NRI’s Buying Property in India: Which FEMA laws apply to you?
In 1999, FEMA (Foreign Exchange Management Act) was enacted to regulate NRI, PIO and foreign investments on property in India.
Controversial at first, this new law gave the Reserve Bank of India (RBI) power to determine how to proceed with such investments and banned citizens from 10 countries of investing in Indian real estate. FEMA also establishes clear parameters within one’s national status can be determined, dividing foreigners into three categories, being these:
Non-Resident Indians (NRI): An Indian passport holder that has immigrated to another country for more than 6 months to work or just reside there.
Person Of Indian Origin (PIO): An individual but has, but not currently possess an Indian passport, or that is within two generations a direct descendant of a person that was a citizen of India according to the Constitution of India or the Citizenship Act of 1955)
Foreign Nationals: A person that neither is an Indian national nor lives in India.
Depending on the person’s situation, FEMA established different parameters for investing in Indian property. For NRI’s in particular, no special permission is solicited to buy. An NRI can purchase any non-agricultural property while staying within the margins of other regulations without permission from the RBI, and are also able to transfer ownership to an Indian resident, non-resident Indian, or PIO that lives outside of India.
Funds transactions can be managed through a local account, that has to fall into the following categories (with no consideration to be paid outside India).
- Non-Resident (External) Rupee Account Scheme [NRE Account]: Can be held by NRI’s and PIO’s, and can be owned jointly. They must be in rupees and can only be Savings, Current, Recurring or Fixed Deposit accounts that may just present expenses in India. They’re also allowed to remit money, are repatriable and are not taxable. These accounts may as well receive loans both from and outside of India.
- Non-Resident (External) Rupee Account Scheme [NRE Account]: Can be held by NRI’s and PIO’s, and can be held jointly. They can be in any convertible currency or rupees, and can only be Term Deposit accounts that may just present expenses in India. They’re also allowed to remit money, are repatriable, and are not taxable. These accounts may as well receive loans both from and outside of India.
- Non-Resident Ordinary Rupee Account Scheme [NRO Account]: Can be held by NRI’s and PIO’s, and can be held jointly. They must be in rupees and can only be Savings, Current, Recurring or Fixed Deposit accounts that may only present expenses in India. They’re also allowed to remit money, are repatriable up to 1 Million Dollars a year for income. These accounts are taxable and authorized to receive loans in India, but not from outside.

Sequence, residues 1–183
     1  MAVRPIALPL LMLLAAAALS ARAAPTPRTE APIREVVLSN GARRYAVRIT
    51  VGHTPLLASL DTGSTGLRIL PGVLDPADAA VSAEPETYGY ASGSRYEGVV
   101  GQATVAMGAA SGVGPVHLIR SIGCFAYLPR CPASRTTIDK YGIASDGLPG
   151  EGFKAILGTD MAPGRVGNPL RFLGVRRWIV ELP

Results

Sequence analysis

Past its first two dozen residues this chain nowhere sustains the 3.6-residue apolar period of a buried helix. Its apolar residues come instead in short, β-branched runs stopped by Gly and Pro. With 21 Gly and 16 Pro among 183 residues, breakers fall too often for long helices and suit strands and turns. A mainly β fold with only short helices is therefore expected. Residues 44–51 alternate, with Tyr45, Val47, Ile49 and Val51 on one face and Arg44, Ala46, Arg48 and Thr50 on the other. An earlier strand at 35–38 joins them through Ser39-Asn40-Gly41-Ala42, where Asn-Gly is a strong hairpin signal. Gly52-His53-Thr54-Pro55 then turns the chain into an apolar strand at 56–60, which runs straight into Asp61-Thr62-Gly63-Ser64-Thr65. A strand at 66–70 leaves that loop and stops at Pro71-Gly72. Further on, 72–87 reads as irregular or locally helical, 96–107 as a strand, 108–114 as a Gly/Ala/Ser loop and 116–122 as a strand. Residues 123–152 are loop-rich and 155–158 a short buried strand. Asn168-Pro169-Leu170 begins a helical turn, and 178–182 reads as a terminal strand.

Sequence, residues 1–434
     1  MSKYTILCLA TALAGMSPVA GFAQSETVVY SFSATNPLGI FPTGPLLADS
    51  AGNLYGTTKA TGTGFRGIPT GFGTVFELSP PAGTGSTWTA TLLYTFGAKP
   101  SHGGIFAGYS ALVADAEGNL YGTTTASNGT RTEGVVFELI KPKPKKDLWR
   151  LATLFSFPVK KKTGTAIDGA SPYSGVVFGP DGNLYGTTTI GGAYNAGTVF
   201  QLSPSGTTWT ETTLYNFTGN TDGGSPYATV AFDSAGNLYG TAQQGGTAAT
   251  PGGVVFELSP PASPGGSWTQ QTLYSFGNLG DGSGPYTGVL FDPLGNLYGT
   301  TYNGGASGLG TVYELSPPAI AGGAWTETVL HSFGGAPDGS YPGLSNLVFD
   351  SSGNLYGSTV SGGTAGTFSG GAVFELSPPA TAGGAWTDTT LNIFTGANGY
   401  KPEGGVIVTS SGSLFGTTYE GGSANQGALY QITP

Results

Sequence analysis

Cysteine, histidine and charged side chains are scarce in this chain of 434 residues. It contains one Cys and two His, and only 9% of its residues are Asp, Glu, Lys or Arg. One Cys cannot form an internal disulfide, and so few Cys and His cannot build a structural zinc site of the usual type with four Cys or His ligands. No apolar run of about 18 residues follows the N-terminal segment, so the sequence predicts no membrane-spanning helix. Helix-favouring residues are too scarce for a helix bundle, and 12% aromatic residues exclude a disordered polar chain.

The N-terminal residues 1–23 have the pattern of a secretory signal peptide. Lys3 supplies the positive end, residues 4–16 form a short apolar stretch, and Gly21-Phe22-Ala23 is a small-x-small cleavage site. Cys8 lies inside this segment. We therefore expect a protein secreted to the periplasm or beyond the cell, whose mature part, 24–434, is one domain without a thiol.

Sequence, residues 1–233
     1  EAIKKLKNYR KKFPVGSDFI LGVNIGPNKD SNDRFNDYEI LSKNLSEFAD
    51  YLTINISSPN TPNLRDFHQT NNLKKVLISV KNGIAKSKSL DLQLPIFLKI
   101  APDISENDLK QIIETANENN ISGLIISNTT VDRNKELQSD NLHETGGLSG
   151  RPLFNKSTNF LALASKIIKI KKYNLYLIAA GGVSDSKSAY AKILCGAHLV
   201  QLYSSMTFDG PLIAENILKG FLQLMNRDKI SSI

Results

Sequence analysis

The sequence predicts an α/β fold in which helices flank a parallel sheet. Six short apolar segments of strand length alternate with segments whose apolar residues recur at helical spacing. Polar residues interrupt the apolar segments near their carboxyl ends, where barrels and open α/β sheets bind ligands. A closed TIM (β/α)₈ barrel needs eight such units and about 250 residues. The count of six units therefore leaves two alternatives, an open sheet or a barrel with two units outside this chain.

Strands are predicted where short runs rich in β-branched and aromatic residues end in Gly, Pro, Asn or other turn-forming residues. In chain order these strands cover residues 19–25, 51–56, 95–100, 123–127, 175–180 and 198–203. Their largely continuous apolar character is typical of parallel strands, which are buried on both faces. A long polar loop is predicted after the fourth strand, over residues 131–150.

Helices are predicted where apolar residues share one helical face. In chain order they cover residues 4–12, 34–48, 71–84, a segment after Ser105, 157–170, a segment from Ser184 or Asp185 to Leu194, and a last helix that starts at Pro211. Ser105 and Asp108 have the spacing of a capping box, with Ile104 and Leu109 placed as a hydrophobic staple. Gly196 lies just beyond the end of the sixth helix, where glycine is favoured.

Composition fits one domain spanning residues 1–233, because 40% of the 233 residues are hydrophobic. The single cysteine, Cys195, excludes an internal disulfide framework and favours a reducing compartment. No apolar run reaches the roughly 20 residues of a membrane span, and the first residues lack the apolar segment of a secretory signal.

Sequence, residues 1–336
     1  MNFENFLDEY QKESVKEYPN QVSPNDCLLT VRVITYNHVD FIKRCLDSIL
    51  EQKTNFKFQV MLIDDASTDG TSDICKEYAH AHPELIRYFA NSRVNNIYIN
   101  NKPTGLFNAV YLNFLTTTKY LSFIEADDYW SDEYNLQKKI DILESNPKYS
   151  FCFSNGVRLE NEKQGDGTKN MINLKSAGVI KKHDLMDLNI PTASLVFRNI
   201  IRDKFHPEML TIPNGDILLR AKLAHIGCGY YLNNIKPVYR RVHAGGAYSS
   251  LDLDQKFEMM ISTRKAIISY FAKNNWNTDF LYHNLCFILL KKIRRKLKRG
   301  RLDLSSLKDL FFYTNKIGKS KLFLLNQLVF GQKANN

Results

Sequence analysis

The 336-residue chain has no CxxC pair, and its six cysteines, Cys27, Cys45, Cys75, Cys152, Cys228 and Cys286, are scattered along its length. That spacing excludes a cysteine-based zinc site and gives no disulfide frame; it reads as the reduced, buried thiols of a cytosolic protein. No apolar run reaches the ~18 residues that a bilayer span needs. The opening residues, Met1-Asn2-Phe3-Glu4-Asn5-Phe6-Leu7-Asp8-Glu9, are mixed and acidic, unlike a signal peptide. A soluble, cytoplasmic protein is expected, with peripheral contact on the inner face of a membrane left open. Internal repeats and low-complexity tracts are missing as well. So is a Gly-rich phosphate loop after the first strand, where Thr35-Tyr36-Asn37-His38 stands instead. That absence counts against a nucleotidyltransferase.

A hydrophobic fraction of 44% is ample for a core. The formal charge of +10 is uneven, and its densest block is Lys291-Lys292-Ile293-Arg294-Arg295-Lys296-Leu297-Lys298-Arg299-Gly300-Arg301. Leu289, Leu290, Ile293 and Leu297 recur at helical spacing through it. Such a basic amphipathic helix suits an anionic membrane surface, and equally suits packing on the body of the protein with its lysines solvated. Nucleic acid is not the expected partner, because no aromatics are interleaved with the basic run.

The RBI also presents the following considerations for NRI’s and PIO’s interested in acquiring property, detailing licit ways for which they can do so:
- Farmhouses, plantations, agricultural lands and similar are not allowed for NRI’s to purchase. Therefore, residential and commercial properties are permitted.
- NRI’s are allowed to inherit properties from any rightful owner.
- PIO’s are only allowed to sell the property to resident Indians.
- In the case of agricultural property, NRI’s have a right to sell it to any resident, while PIO’s can only do so to Indian residents.
- An NRI can’t buy property in India via a joint, nor does a PIO.
- Non-Residents are also allowed to repatriate the profits from their sales, a process that we describe in this article.
When it comes to taxes, FEMA does achieve its goal of fostering NRI investments through fairer policies. For NRI’s, for example, buying property doesn’t derive in any taxes, while they do have to pay taxation over the income earned by either renting or selling them. However, with the inclusion of the Double Taxation Avoidance Agreement (DTAA), NRI’s in most countries, even if they are to repatriate their profits, are to pay taxes only in India (which will also work backward).
These policies have proven attractive for NRI’s as its now possible for them to not only avoid paying double taxes but also to grow as investors as the RBI has also fostered another measure: Capital gain reinvestments.
While Capital Gain Tax (the most critical tax NRI’s need to pay), at short-term being 30.9% is still reasonably elevated, NRI’s have the option of paying tax only over the profits that are not invested on other properties within a time limit. Because of this, an NRI may be entirely exempted from paying taxes over a property sale if the gross profits are re-invested in a property that’s equal or higher priced than them.
Capital Gain Tax should be noted, applies to any profit made over a property sale, and that does not exclude funds that are to be repatriated. With the DTAA in place, and to avoid repatriation of black money, FEMA only allows repatriating funds that don’t exceed the amount noted as the total of the property sale after Capital Gain taxation.
With NRI investment being one of the most critical trends for India’s real estate future, there’s no space to doubt that India is looking to secure these investments (whether they come from the UK, the UAE, or the US and Canada) through the enforcement of new policies.
As for NRI’s themselves, more and more opportunities continue to open up. In Reobee.com, for example, we provide a free platform to meet potential buyers or sellers, and sellers from the around the world post their Indian properties for sale. If you’re interested or already investing in Indian real estate, be sure to give it a try!
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